Television crews from local and national stations, newspaper and radio reporters and native supporters lined the steps of the Surrey courthouse yesterday to see if lawyer Bruce Clark would make it to the Gustafsen Lake trial.
But the flamboyant lawyer, easily recognizable with his shaved head and space-age eye-glasses, was due to leave for 100 Mile House, courtesy of the RCMP.
Clark is to face charges there today of contempt of court and assaulting a police officer.
He was charged after a fracas at 100 Mile courthouse in September 1995 and was wanted on B.C.-wide warrants. He was arrested Tuesday when he returned to B.C. from New Brunswick.
Clark was representing many of the natives charged after the 30-day Gustafsen Lake standoff ended Sept. 17, 1995.
Camp leader William Jones Ignace (Wolverine) told B.C. Supreme Court Justice Bruce Josephson yesterday that preventing Clark from representing him showed there was no justice in Canada. Ignace, who is defending himself, said if Clark can't be his lawyer he will call him to testify as early as tomorrow.
George Wool, defending five of the protesters, told the jury, which has been hearing Crown evidence for the past 128 days, that one of his clients, Joseph (JoJo) Ignace, was not at the Gustafsen Lake Camp on Aug. 18, the day he is alleged to have fired at a Mountie.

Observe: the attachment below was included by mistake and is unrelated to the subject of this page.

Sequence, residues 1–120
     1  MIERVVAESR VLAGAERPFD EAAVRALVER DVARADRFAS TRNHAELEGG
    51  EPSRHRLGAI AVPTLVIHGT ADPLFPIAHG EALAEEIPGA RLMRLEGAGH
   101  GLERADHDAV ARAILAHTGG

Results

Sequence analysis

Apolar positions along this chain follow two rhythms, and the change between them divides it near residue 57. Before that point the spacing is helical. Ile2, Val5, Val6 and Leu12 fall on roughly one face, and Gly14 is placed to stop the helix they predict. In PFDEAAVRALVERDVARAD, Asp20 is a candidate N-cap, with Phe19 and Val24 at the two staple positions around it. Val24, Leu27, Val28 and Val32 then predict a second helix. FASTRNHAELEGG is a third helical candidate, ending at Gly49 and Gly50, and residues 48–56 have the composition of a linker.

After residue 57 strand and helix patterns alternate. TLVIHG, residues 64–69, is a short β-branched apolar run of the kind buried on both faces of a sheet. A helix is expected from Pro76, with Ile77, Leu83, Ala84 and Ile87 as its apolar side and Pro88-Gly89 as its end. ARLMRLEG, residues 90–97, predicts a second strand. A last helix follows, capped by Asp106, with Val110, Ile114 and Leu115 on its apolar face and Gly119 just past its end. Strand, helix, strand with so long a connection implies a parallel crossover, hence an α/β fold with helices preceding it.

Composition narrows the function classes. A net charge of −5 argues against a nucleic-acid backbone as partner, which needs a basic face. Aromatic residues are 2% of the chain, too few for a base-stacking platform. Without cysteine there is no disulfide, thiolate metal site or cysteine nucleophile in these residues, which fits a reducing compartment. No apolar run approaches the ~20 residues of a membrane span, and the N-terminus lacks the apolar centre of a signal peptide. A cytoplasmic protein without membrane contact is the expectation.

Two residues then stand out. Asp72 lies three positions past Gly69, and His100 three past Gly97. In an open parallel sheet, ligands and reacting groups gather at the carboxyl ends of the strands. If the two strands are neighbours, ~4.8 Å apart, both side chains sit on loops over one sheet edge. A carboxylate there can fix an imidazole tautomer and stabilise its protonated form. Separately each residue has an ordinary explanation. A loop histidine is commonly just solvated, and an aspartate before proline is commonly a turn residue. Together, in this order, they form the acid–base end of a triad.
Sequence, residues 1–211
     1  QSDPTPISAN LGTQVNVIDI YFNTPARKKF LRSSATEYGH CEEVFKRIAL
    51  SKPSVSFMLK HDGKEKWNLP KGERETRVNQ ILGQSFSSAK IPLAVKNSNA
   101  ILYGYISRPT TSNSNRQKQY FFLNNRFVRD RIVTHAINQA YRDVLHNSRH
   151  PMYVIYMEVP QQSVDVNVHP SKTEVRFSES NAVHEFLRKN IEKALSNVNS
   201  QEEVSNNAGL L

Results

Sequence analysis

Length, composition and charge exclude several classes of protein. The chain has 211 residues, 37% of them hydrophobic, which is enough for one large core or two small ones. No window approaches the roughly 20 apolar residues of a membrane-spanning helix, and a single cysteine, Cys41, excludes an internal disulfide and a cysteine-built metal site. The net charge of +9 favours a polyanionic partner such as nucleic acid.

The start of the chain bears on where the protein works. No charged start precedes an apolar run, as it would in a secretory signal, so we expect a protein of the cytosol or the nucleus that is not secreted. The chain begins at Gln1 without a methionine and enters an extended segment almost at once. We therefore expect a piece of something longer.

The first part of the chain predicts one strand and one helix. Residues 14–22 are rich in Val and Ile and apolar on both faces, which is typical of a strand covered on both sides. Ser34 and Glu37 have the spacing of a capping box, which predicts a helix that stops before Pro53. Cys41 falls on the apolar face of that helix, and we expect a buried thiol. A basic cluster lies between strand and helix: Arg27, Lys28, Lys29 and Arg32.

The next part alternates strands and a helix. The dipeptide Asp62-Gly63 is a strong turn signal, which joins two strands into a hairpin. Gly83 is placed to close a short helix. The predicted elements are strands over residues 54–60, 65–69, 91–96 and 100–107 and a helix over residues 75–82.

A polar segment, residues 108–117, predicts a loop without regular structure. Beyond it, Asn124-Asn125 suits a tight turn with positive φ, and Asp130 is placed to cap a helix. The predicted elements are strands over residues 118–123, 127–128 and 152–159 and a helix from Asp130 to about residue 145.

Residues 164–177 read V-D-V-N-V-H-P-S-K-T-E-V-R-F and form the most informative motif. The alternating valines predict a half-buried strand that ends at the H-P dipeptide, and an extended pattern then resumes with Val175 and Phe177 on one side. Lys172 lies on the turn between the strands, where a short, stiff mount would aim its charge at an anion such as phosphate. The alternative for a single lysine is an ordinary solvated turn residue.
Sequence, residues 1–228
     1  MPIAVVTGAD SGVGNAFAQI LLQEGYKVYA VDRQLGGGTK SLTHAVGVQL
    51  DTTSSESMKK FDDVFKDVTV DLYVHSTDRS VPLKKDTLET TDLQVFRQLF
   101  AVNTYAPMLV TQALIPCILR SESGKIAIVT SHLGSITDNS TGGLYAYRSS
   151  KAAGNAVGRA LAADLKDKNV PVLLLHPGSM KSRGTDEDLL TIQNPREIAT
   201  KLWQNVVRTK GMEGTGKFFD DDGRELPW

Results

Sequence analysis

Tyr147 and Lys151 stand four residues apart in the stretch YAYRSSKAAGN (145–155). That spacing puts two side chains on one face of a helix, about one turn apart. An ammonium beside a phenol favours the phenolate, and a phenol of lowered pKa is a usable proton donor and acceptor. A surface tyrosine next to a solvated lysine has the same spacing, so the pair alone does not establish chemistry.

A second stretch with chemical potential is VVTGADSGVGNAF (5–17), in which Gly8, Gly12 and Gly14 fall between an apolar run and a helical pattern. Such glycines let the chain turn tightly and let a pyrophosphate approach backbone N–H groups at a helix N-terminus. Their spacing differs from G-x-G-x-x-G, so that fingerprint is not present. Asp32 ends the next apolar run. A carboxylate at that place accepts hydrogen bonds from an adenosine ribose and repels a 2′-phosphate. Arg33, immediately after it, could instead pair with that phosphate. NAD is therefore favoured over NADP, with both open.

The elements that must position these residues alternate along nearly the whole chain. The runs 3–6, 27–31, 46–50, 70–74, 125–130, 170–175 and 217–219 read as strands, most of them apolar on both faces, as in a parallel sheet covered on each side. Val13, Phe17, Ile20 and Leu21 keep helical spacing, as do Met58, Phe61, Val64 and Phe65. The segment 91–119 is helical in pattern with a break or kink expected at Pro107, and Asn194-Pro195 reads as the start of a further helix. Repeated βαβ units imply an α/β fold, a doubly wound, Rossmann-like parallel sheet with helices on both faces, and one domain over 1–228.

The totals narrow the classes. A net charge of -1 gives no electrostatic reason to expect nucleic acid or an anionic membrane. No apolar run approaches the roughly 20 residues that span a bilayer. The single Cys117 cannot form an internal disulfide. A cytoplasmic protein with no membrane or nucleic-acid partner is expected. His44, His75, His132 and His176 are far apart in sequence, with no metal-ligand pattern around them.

Wool said Joseph Ignace, William Ignace's son, was at home at the time. He said two medical experts will testify that Joseph suffers from severe fetal alcohol syndrome, which can impair brain function.
Defence witness Barry Holden, who has been fishing at Gustafsen for almost 40 years, testified that he was visited by RCMP officers every day while camping at the lake in June, just before the standoff.
"(A Mountie) said there may be trouble," said Holden.
"He said that shots had been fired at a forestry officer, or something, in the weeks prior."
Not long after one of the visits, Holden heard and saw a cowboy ride into the native camp and scream at the occupants. The cowboy then rode to Holden's camp.
"He said you guys better get out of here," Holden testified.
"There is going to be trouble and shooting around here."
The trial continues.